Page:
List," do The Michigan
Daily, 420 Maynard St.,
Ann Arbor, Mich. 48109.
Include all pertinent infor-
mation and a contact phone
number. We must receive
notice of Friday, Saturday,
and Sunday events (for
Weekend Magazine) at least
two weeks before publica-
tion; notice of weekday
events is due two days be-
fore publication.

'ro
dies after
plane
accidet
(Continued from Page 1)
research in the College of LSA last
summer. His research in atomic
physics "was on the frontier of
knowledge and anything but hum-
drum," said Physics Department
Chairperson Lawrence Jones.
Williams was one of 25 physics
faculty members who signed a
petition last year in which they
pledged not to perform research on
President Reagan's Strategic
Defense Initiative.
"He cared about people and their
problems, both at the University
and in the world at large. He had a
sense of fairness and justice," said
Rich.
WILLIAMS played a vital role
in the rebuilding of the natural
sciences at Michigan, according to
LSA Dean Peter Steiner. "We are
determined not to let this loss
vitiate the momentum he has
generated. But it will be ever so
much harder without him,"
Steiner said in a prepared
statement.-
A memorial service for Williams
will be held in the Pendleton room
of the Michigan Union at 10 a.m.
Saturday. For further information,
contact the physics department.

eContinued from Page1-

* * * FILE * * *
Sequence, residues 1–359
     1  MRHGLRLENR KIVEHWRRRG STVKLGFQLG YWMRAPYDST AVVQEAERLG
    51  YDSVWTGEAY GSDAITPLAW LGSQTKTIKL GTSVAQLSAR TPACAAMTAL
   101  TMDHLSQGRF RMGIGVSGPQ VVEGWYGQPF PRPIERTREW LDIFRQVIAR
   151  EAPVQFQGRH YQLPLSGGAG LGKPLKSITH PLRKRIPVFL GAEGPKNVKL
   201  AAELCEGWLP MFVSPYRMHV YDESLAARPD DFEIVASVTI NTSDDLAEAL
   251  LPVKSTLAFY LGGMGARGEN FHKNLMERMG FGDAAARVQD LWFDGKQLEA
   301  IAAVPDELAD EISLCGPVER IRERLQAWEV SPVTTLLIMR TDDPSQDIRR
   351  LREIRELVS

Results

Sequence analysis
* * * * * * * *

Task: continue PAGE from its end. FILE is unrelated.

LSA senior Heidi Harpowiski, a
PIRGIM member, said an example
of non-inclusive language is
referring to men as doctors and
woman as nurses. She added that
other fields of study exclude
women, such as engineering
Amy Simon, PIRGIM Co-
Chairperson, calls University
classes "closeminded." "The

experiences of blacks, women and
members of certain religions are not
reflected in many lectures," she
said.
SIMON said students should
raise questions and confront
professors who use discriminatory
language.
"Most of the time people use
non-inclusive language
unintentionally," she added.

The University of Michigan School of Music
presents
ANN ARBOR DANCE WORKS
Program A (Thurs. & Sat.) Night Works
Bill De Young and Marsh Pabalis
Program B (Fri. & Sun.) Six Dances
by Peter Sparling, Jessica Fogel, and Gay Delanghe
THURS.-SUN., NOVEMBER 13-16, 20-23
McIntosh Theatre School of Music, 8:00 PM
2:00 PM on Sundays
Tickets: $6, $5, and $9 for series tickets
Advance tickets at Dance Building; tickets also sold.at the door.
SYMPHONY BAND / CONCERT BAND
H. Robert Reynolds / Donald Schleicher, conductors
Keiko Abe, marimba soloist
Includes world premiere of Akira Ifukube's
"Lauda Concertante for marimba and wind ensemble"
FRIDAY, NOVEMBER 14, HILL, 8:00 PM FREE
CONTEMBORARY MUSIC FROM JAPAN
Keiko Abe, marimba
Michael Udow & Rebecca Kite, percussion
University Percussion & Trombone Ensembles
SATURDAY, NOVEMBER 15, 8:00 PM
RACKHAM FREE

.1

Winter's Warmer with Woolrich

79-GUIDE PEER COUNSELORS PRESENT:
GET UP, STAND UP
THURSDAY, NOVEMBER 13, 7-9 P.M.
A workshop for developing assertiveness skills.
It will be held on the 3rd floor of the Michigan Union
at Counseling Services (3100).
Call 764-8312 or 76-GUIDE to sign up for the workshop.

Thanksgiving Break Rate
Make your break in a car from You pay for gas used and return
National. You can rent a car if car to renting location. Most
y DAY
you're 18 or older, have a valid major credit cards accepted. WEE_ KENDS

Warm sweaters, thinsulate parkas, chamois
and wool shirts.

l
l

driver's license, current student
I.D. and a cash deposit. Stop by

Non-discountable rate' applies to Chery5
Chevecite or simnila r-s ize car and is su bject ito

100 miles per day included.
mditnnl...upav -no ...-.lo

Il a m mm. 000=- ml fa 4-021